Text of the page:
by Rabbi Dovid Green
This week's Torah reading begins with the directive to count a certain
segment of the Children of Israel. Immediately after the count, the Jews are
directed to arrange their camp in the wilderness in a specific order. All of
the tribes excluding the tribe of Levi, would be divided into four groups of
three. Each group would have its place around the Tabernacle which would be
in the center of the camp. The tribe of Levi would camp around the
Tabernacle and service its needs, as well as guard it. It seems somewhat
counterproductive to divide up the Jewish nation as such, as it could lead
to disunity. However, there is another way to view it, as we shall see.
Rabbi Eliyahu Dessler expounds on this topic. His says that there are
various reasons for putting things in order. One reason is just for its own
sake. Order creates the feeling that all is in order, implying that all is
well. Another reason for order is practical. We know where to find things in
places where order exists. A third reason is that some things need order to
work properly, such as machines which depend on all of its parts to work in
On the spiritual level there is another aspect. At one extreme, disunity
between individuals and groups impedes progress. At the other extreme, even
if unity exists, disorder also impedes progress. Indeed, each person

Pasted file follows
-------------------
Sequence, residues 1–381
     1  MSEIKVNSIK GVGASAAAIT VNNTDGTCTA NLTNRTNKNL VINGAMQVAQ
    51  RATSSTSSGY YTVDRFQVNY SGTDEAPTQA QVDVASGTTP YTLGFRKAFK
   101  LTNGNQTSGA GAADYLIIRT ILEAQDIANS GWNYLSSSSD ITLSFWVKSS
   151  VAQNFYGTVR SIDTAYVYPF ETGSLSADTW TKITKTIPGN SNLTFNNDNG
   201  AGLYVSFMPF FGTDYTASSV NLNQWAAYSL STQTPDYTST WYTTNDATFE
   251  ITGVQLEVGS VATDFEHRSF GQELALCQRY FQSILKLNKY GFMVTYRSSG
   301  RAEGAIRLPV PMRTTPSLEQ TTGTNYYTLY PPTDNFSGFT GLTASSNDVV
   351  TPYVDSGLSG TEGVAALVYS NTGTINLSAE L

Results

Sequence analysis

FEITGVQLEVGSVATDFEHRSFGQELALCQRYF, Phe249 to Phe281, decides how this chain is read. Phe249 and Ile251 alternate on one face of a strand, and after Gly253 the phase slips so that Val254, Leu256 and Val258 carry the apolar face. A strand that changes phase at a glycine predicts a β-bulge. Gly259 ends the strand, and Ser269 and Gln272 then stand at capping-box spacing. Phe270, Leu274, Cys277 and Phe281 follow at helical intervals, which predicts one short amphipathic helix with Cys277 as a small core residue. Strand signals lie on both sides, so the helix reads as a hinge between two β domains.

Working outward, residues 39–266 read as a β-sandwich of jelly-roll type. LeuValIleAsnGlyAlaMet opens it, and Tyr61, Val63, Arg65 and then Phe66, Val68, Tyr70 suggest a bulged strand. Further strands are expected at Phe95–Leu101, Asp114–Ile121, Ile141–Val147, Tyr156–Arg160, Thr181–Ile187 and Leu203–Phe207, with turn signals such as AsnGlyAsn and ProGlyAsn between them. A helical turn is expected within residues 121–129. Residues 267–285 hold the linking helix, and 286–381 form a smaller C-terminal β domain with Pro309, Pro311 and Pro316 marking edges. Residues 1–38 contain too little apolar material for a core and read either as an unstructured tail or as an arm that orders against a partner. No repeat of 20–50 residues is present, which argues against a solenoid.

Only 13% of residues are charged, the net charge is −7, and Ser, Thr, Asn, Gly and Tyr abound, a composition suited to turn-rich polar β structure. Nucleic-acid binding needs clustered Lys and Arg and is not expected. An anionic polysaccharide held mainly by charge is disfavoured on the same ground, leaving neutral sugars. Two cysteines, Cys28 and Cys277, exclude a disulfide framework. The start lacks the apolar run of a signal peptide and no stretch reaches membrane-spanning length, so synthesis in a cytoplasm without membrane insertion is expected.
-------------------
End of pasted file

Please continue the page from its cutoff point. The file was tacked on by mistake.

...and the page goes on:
realizes his potential through his very individual talents. These talents
need to express themselves in a particular context within a specific circle
where it can be cultivated. Each circle becomes a conglamerate of the
positive forces within it and it makes its contribution to the whole in its
unique way. Each circle interacts with neighboring circles. Even if there
are many circles expressing themselves in very different ways, in the end
each contributes to and gains from the other. In this way each person can
realize and express his own individualism in the context of his service to
G-d. As we can see, order actually preserves unity by defining roles,
direction, and purpose.
A simple analogy for this is the various skills which come together to build
buildings. Each group contributes its unique expertise to the project. Each
group of workers works in its own way, yet all are working toward the same
This is what we learn from the arrangement of the tribes in the wilderness.
Each was recognized in its role. Each was camping in equal proximity to the
Tabernacle. The core and focus was doing G-d's will. The approach for each
was different. However, each contributed its unique part, and gave what the
others could not.
Text Copyright © 1999 Rabbi Dovid Green and
Project Genesis, Inc.